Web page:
A community garden is a single piece of land gardened by a group of people.  The garden may consist of individual plots (sometimes called allotments) and/or areas that are gardened communally. 

Many WIC members are interested in participating in community gardens, or at least finding out more.  Such gardens provide an opportunity to share gardening knowledge and work in a sociable environment.  It often leads to sharing seeds, produce and recipes - made all the more exciting when so many different ethnicities with our traditional plants and cuisines are working together!

We are most likely to maintain involvement in a community garden if it is close to where we live.  There are a number of community gardens with membership open to the general public already in existence in Hamilton and many would welcome more members.  There are also a number of groups considering starting community gardens in the area. 

So that you can find out about the gardens already running that you may want to join and also to learn from their experiences, we are organising a Waikato Community Garden Network Meeting on the afternoon of Thursday 22 September in Frankton, Hamilton.  More details will follow - watch this discussion page...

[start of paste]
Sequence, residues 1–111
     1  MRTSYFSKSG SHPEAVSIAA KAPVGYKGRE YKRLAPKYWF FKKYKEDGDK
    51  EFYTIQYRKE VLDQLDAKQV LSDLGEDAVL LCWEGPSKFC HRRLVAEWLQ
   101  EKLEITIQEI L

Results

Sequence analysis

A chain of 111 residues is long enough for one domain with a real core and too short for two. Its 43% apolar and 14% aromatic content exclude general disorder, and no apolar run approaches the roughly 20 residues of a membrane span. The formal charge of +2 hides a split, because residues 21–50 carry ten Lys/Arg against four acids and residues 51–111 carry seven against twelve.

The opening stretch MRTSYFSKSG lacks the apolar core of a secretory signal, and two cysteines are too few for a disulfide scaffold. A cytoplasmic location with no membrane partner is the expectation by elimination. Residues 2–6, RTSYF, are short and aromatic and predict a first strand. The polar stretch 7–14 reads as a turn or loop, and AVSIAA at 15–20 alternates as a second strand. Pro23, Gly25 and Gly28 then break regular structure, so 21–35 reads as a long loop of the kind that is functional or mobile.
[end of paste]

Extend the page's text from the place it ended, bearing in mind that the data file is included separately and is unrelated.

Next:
Some of the groups that joined WIC have their own land, and we are working one by one to help them develop their gardens. The first is in Tokoroa.

Most WIC members live in the Nawton area of Hamilton, where there is no existing community garden.  The Salvation Army in nearby Grandview (where some of our Grow Your Own Vegetables From Seed workshops were held) was thinking about starting a community garden when we approached them about their land: we are now looking to work together on a joint community garden project - watch this space!

Photo: Katherine Hay of the Waikato Environment Centre talking about community gardens at our first WIC meeting. (Jovi, HMS)


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This photo taken at Grandview  Community Garden today shows how the kale on the right (mulch) grew better and did not have many weeds.  You cannot see the kale on the left (no mulch) because it is smaller and covered in weeds. Mulching slows down weeds, keeps the soil moist and feeds the soil. At Grandview Community Garden the gardeners mulch their plots using well rotted woodchips.

Grandview Community Garden

The gardeners are busy in their plots sowing basil, pumpkins zuccini and chillies..

and earthing up potatoes

Grow your own vegetables with us at Grandview Community Garden

Thursday nov 8th after work   5.30pm to 7pm: making hot compost, sowing chillies and pumpkins

New gardeners are welcome. We can help you start a garden. Now is good for sowing: chillies, tomatoes, pumpkins, cucumbers, lettuce, celery, spring onions, carrots, silverbeet, parsley, beetroot, leeks, beans and peas. Bring seeds if you have them 

park on Grandview Road and walk through the gate opposite 183 Grandview Rd Hamilton. (look for the banner ) Bus route number 8 (Frankton)